CCP uses police to track down White Paper Revolution protestors

Police have not made public how they were able to track down those who participated in the protests. It was not known how many people Chinese Communist officials intend to question.

Roberto Wakerell-Cruz Montreal QC
The Chinese Communist Party has started to crack down on those who protested against the country's "Zero Covid" policy, those at the Beijing demonstrations have said, as police continue to monitor major city streets.

According to two protestors who spoke with Reuters, callers identifying themselves as Beijing police officers asked them to report to the police station on Tuesday and gave them written accounts of their activities at the protest. One student said they were asked by their college if they had been at a protest, and to provide a written account.

One person said that they are "desperately" going through chat history and deleting their conversations. Police have asked how they had heard about the protests and why they went.

Police have not made public how they were able to track down those who participated in the protests. It was not known how many people Chinese Communist officials intend to question.

The Public Security Bureau did not respond to a request for comment from Reuters. A foreign ministry spokesperson said that rights and freedoms must be exercised in ways that do not break the law.

Protests erupted across China this past weekend, as the country's government continues to impose stringent lockdown policies three years into the pandemic.

The protests are the largest public display of anti-government behavior since the Tiananmen Square protests of 1989. The protests also come shortly after the coronation of Xi Jinping at the national congress, essentially making the president leader of the country for life.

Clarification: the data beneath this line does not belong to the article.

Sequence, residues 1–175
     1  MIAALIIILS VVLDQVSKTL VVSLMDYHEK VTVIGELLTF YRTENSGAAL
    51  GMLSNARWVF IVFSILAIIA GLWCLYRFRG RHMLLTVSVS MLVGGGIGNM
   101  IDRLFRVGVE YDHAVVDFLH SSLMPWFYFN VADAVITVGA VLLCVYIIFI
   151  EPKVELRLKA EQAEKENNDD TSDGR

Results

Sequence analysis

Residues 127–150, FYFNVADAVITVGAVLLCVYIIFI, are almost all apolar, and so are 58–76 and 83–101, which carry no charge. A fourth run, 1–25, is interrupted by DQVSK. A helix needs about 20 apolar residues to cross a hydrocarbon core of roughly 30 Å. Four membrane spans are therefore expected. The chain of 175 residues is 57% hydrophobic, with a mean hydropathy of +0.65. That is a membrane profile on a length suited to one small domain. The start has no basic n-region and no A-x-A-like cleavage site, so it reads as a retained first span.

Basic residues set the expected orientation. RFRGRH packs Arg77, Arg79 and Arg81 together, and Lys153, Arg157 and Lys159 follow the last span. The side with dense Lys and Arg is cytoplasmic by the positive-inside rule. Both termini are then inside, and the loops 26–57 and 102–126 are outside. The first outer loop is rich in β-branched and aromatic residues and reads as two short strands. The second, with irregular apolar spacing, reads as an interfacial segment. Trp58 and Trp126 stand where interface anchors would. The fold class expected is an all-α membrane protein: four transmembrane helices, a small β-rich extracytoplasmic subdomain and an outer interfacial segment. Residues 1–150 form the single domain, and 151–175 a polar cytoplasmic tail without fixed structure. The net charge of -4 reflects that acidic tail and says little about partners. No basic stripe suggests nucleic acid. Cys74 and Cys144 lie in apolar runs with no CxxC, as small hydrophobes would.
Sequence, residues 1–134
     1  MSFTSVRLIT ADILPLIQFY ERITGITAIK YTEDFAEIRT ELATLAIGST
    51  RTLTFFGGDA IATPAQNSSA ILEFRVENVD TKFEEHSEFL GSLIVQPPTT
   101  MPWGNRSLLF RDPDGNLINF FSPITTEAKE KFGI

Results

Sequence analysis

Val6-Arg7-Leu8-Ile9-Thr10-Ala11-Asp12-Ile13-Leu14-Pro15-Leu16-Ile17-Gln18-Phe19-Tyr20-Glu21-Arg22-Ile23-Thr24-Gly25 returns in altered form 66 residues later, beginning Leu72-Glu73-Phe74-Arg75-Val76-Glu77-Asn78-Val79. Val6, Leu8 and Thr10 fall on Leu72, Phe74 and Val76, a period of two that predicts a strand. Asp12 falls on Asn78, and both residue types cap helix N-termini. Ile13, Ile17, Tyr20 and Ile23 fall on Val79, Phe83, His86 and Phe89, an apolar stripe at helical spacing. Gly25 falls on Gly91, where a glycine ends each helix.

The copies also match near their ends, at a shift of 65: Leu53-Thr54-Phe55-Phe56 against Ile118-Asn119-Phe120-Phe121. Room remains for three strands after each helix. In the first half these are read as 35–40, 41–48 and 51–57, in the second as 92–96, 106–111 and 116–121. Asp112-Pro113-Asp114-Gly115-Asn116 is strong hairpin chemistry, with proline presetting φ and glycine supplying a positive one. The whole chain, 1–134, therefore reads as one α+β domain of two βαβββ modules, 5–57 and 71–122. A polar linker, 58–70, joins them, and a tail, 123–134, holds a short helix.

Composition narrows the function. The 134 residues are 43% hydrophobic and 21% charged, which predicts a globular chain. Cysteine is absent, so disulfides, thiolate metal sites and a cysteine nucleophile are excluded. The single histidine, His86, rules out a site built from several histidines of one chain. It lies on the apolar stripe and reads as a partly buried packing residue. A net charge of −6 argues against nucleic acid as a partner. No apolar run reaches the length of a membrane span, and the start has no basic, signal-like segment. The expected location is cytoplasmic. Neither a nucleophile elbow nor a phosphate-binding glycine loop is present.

"The problems highlighted by the public are not aimed at the epidemic prevention and control itself, but focus on simplifying prevention and control measures," Cheng Youquan, a health official, told reporters.

National Security Council Coordinator for Strategic Communications John Kirby said on Monday that the US is watching the situation "closely," and that the US supported the rights of protestors.

Under China's "zero-COVID" policy, those who test positive for the virus anywhere in China must be separated from all non-infected people, including family members, with no exceptions. This includes isolating children from their parents if they test positive and parents or guardians don't. Vaccine passports and licenses to allow movement throughout the city were also reportedly being checked by hazmat-suited authorities.

Many of the recent protests were spurred by the deaths of at least 12 people in a Urumqi apartment building fire. The residence, located in the Xinjiang region of the country, was sealed shut by CCP officials to stop the spread of Covid. The victims were burned alive.

Solidarity protests have now begun to pop up in other major cities around the world.


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